Haematology and Blood Transfusion-Conference Papers

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    Open Access
    Effect of the COVID-19 pandemic on blood donation and transfusion in Nigeria – A multi-facility study of 34 tertiary hospitals
    (Vox Sanguinis, 2021) Oreh, A; Bozegha, T; Ihimekpen, A; Biyama, F; Irechukwu, C; Aliu, S; Oshiame, D; Nnabuihe, A; Ndanitsa, A; Nnachi, O; Ogbenna, A.A; Abubakar, S; Olupitan, F; Akinkunmi, A; Ogunlade, C; Abayomi, T; Omokaro, U; Sylvester, C; Igiebor, U; Wokoma, B; Ebophni, S; Adewuyi, B; Dachi, R; Muhammad, H; Abubakar, M; Mgbang, J; Chineke, A; Ogbuabor, O; Fakai, G; Hashim, B; Adeluwoye, N; Olanrewaju, D; Agahiu, E; Etim, E; Alabi, S; Akinbola, I; Anibueze, C; Awogbami, O; Edowhorhu, G; Adekoya-Benson, T; Bello, S; Ojuade, Y; Amedu, O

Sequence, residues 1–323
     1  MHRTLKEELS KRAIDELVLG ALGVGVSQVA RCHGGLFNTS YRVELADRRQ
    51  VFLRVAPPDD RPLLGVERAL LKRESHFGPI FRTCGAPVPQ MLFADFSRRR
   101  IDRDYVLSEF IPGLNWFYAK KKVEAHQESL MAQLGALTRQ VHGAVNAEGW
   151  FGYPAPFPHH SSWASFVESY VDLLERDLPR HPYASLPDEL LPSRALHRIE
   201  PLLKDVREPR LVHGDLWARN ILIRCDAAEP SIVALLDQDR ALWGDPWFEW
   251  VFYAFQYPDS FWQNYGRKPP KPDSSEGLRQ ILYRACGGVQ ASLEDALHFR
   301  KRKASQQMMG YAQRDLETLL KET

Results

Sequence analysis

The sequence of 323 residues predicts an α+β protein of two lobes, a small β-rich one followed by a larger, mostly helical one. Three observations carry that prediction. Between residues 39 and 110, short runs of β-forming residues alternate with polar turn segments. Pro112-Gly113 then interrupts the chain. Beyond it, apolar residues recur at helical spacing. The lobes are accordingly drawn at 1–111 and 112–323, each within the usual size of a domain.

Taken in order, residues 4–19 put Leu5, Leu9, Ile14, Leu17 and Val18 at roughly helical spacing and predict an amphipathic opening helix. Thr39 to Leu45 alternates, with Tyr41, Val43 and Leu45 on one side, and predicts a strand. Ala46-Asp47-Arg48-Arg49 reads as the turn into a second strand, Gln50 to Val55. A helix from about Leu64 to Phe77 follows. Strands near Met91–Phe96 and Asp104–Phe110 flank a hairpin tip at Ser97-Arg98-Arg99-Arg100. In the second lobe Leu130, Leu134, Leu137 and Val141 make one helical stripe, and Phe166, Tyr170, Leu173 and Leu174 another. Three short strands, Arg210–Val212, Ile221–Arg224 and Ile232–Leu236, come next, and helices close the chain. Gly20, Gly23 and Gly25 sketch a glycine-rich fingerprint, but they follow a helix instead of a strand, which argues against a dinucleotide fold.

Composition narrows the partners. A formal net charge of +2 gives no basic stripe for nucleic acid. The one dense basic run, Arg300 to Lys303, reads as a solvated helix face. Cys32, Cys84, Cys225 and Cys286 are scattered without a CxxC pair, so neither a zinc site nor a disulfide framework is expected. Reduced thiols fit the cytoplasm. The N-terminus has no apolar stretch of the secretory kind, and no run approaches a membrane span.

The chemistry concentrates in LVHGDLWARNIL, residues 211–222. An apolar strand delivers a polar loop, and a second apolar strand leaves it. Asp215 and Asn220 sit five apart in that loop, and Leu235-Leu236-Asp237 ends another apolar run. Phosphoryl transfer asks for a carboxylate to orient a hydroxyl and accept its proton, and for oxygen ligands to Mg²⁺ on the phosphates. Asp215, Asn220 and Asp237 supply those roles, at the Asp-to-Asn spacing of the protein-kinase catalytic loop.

Background: The COVID-19 pandemic affectedblood donation activities. For countries like Nigeria that were already struggling with meeting blood needs, the possible impact on national blood supplies was terrifying. Mobile blood drive campaigns halted, and voluntary blood donations reduces, challenging available blood supplies. Furthermore, fears of the of virus transmission led to deferrals of elective surgeries and non-urgent clinical procedures with npoticeable declines in blood donations and transfusions. Aims: We aimed to assess the effect of the COVID-19 pandemic on the number of blood donations and transfusions across the country by blood product type across departments including accident and emergency, obstetrics and gynaecology, paediatrics, surgery and internal medicine. Methods: A retrospective descriptive study was conducted to determine the impact of the COVID-19 pandemic on blood services in thirty-four (34) tertiary hospitals in Nigeria, comparing January to July 2019 (pre-COVID-19) to January to July 2020 (peri-COVID-19). Data was collected from the country's web-based software District Health Information System, Version 2 (DHIS2), the platform for the National Health Management Information System (HMIS) and analysed using SPSS Version 25. Results: A 17.1% decline in numbers of blood donations was observed over the study period, especially in April 2020 (44.3%). Similarly, a 21.7% decline was observed in numbers of blood transfusions over the same period, with the month of April 2020 experiencing the sharpest declines (44.3%). The highest declines in transfusion were noted in surgery department for fresh frozen plasm (80.1%) p = 0.012 and accident and emergency department transfusion of platelets (78.3%) p = 0.005. The least decline of statistical significance was observed in internal medicine transfusions of whole blood (19.6%) p = 0.011. Summary/Conclusions: The COVID-19 pandemic significantly affected the numbers of blood donations and transfusions in Nigeria. STrengthening blood services to provide various blood components and secure safe blood supplies during public health emergencies is therefore critical.